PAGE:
By JASON COX
Of the Keizertimes
At least on paper, Mayor Lore Christopher holds a significant cash advantage over opponent and city councilor David McKane in the city’s first contested mayoral election in a decade.
According to state records, Christopher has raised $5,450 as of Tuesday and spent $3,135 in her bid for a seventh term as mayor. McKane is in the ballpark when it comes to spending – $2,663.23 – but lags in fundraising, reporting $2,886 as of Tuesday. His account balance is $222.27, while Christopher has $2,315 on hand as the campaign heads into the final stretch, although her campaign reports an outstanding loan of $1,030.
Christopher’s largest single contribution was $2,000 from the Mid-Valley Affordable Housing Coalition, the political arm of the Home Builders Association of Marion and Polk Counties.
Another four-figure contribution was $1,000 from the Keizer Professional Fire Fighters Union on October 15. Christopher backed Keizer Fire District in its proposed annexation of the Clear Lake neighborhood earlier this year, while McKane opposed the effort.
A $1,000 in-kind contribution comes courtesy Select Impressions of Salem.
Baxter Ridge LLC, a company owned by developers Lee Sjothun and Tim Smith, contributed $400.
Brandon Smith’s re-election committee chipped in $200, while Cheryl Gribscov put in $200.
Contributions totaling $650 came from those putting in $100 or less.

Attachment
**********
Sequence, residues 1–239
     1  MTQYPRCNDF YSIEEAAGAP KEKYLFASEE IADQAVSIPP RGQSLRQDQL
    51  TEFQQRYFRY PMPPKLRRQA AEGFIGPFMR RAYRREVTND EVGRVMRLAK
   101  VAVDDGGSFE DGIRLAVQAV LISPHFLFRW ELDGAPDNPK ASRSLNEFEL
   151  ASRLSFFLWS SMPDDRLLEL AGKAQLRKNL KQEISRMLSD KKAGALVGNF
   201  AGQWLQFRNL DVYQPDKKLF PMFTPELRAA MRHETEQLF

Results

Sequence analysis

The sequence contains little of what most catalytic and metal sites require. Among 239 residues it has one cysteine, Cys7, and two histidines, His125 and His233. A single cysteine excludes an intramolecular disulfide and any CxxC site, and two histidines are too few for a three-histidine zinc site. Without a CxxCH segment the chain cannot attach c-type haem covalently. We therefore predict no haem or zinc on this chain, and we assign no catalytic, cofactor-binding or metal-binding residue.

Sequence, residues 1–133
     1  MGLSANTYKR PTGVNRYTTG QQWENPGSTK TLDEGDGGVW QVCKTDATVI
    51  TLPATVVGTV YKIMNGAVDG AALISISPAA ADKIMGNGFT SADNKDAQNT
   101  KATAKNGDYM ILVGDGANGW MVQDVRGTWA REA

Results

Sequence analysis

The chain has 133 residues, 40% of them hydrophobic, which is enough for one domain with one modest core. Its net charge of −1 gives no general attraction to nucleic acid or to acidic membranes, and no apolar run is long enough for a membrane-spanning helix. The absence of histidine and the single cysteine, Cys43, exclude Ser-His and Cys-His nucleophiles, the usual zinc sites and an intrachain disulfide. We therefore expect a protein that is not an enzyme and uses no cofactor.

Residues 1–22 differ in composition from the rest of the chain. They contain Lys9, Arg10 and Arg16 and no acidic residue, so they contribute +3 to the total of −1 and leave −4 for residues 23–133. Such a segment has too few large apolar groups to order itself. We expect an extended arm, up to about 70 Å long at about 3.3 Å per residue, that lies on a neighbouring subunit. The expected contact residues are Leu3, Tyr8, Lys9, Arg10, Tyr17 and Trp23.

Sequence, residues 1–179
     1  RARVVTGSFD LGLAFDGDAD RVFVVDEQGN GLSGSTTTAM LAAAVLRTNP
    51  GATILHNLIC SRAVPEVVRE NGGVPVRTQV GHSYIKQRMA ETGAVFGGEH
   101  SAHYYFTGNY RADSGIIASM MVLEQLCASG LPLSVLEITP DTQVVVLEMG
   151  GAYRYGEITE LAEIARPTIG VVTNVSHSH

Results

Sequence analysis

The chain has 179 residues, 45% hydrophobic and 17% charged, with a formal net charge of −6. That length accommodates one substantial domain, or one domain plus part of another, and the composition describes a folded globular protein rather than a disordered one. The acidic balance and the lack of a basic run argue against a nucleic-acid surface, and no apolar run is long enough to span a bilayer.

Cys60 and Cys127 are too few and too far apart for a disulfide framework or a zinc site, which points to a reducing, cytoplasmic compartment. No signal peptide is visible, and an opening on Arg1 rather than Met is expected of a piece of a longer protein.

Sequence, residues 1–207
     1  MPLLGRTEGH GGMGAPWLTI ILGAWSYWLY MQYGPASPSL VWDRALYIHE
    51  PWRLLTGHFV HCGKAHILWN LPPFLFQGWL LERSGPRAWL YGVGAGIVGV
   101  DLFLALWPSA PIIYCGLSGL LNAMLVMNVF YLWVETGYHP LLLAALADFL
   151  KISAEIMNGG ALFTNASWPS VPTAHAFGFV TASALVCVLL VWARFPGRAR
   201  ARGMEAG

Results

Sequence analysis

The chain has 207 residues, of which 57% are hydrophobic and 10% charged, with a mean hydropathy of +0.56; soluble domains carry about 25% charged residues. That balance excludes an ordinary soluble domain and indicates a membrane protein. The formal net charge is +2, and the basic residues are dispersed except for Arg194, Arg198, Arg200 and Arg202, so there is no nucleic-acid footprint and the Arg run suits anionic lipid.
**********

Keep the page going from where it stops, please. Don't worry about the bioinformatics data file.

The single largest contribution to McKane’s campaign comes from Rich Duncan Construction, which donated $500 to the councilman’s Committee for a Better Keizer. Pamela Fifer has chipped in a total of $400, and NW Commercial Real Estate Sales, owned by planning commission member John Rizzo, has put in $300. Anne Rasmus also put in $300, and Gregg Dal Ponte – an administrator at the Oregon Department of Transportation – put in $150. Siletz Trucking Company put in $200. Riverbrook Trucking made an in-kind contribution of $250.
McKane’s contributions less than $100 total $646.
Expenditures for both candidates are what you might expect: Advertising in the Keizertimes and Statesman Journal, printing and signs.
For City Council Position 3’s race between Eamon Bishop, Marlene Quinn and Matthew Chappell, no financial information has been reported to the Secretary of State’s office as of Tuesday, October 23. According to the Mid-Valley Affordable Housing Coalition’s disclosure information, Quinn received $500 from the group on October 10. Neither Chappell nor Bishop have created a committee, which is legal so long as they each raise and spend less than $750 in the calendar year, including personal funds.
The housing PAC also gave Smith $500 in his write-in bid for Position 2. He’s seeking to keep his seat after first deciding not to run for re-election. Ken LeDuc is the only candidate who qualified to be on the ballot in that race. LeDuc has yet to create a political committee, state records show.
Smith’s committee also got $250 from Tim Smith (no relation). The councilor has $1,367 on hand heading into the final two weeks.